Ohio July Fire Losses
State Fire Marshal H. A. Dykeman, of Ohio, reports that 30 Ohio people met death by fire and fire causes in July; 87 more were injured. By a strange coincidence, the number of dead is the same as in July, 1921, but there were ten less injuries this year. Of the deaths the past month. 13 were babies or children. 16 were youths or middle-aged people, and one was an aged person. Of the injured, 35 were children, 20 of these being hurt by gunpowder and fireworks. Six children were killed by fireworks, and the legislature will be appealed to to stop this slaughter of the innocents. Only one aged person was killed in July and none were injured. Lightning killed six people last month; electric wires, four; two people (man and wife) were burned to death trying to rescue stock from a barn: one lad was stripped of his clothing when fire crackers exploded against his body; another boy had oil thrown on him and a match applied: making jelly and other canning preparations hurt kiddies who were playing in the kitchen, and one little girl was burned to death by a candle.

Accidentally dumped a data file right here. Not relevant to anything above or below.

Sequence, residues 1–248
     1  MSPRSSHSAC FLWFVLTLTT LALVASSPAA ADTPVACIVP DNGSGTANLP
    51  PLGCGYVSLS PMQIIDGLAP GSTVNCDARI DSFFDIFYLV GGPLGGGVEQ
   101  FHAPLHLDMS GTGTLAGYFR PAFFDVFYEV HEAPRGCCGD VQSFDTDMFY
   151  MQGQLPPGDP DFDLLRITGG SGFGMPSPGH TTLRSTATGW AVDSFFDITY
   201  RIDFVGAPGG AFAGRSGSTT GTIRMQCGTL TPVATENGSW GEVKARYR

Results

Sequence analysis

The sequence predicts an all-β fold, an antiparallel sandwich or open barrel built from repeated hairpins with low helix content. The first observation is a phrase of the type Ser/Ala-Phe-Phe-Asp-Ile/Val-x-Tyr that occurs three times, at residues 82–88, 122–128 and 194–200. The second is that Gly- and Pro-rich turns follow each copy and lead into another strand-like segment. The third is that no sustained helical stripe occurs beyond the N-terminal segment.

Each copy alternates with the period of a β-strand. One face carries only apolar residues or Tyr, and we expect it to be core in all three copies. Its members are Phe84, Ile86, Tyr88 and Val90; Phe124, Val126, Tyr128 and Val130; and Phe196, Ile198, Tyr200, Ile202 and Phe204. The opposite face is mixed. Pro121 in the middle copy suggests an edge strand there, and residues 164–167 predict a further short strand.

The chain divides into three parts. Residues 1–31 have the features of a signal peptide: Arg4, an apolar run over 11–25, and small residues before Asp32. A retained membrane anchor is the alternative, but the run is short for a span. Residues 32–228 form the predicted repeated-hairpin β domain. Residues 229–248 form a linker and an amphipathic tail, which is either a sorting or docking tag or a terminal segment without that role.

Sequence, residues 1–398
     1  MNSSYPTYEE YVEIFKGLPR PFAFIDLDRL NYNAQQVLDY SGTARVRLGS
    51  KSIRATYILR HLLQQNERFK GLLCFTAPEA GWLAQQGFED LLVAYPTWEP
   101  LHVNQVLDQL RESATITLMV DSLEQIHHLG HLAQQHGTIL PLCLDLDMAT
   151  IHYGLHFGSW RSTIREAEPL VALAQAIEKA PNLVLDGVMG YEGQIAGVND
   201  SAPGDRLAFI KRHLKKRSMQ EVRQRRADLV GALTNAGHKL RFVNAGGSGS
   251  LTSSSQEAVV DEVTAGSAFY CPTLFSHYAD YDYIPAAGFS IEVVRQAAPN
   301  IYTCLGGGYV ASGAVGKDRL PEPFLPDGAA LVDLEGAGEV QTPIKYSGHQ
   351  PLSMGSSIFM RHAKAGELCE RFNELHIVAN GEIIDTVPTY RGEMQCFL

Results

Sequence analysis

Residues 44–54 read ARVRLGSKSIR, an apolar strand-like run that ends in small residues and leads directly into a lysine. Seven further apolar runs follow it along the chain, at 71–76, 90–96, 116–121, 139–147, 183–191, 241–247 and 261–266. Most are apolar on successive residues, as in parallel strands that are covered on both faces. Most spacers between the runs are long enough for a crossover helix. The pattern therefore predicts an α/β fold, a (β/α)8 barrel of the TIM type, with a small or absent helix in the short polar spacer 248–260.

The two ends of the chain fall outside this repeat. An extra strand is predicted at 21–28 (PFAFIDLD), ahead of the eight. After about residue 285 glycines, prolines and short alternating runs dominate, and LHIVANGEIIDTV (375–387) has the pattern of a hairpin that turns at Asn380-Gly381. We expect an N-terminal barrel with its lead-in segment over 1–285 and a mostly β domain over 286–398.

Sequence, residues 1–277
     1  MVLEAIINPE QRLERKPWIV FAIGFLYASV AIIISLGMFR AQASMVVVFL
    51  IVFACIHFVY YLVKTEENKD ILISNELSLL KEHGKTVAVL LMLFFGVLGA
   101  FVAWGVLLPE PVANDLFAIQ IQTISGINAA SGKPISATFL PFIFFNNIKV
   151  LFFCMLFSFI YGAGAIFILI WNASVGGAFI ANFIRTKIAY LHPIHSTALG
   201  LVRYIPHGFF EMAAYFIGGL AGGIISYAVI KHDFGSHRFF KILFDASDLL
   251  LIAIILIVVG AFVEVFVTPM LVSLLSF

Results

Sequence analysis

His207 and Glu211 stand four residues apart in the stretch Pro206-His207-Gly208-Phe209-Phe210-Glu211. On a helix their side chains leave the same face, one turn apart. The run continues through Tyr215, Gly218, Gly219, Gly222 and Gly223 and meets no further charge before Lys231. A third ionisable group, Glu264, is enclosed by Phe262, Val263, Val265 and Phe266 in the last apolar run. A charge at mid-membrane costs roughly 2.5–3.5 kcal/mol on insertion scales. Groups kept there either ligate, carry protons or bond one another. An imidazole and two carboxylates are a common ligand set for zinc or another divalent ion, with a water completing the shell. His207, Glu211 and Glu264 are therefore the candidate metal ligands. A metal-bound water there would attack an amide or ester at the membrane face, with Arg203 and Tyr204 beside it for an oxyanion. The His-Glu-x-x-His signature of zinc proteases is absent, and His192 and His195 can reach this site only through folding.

Says Marsha! Dykeman: “In May, Ohio had 263 fires from all causes, and the loss was $387,336. In the same month in 1921. we had 387 fires and the loss was $548,928. This is encouraging. especially as we had fewer fires. Electricity, smokers’ carelessness and spontaneous combustion wen. the main offenders. Now is the time to look out for oily rags, grain piles, green hay and other agents subject to spontaneous combustion. In May the incendiary blazes dropped to two with $3,200 loss. In June, 1922, we had 99 less fires than in the corresponding month last year, and the property loss fell from $489,213 to $393,097. There were sixteen fires on buildings not protected with lightning rods and none reported on structures properly protected. Matches, sparks from threshers and outdoor fires, and electricity were the main property destroyers.”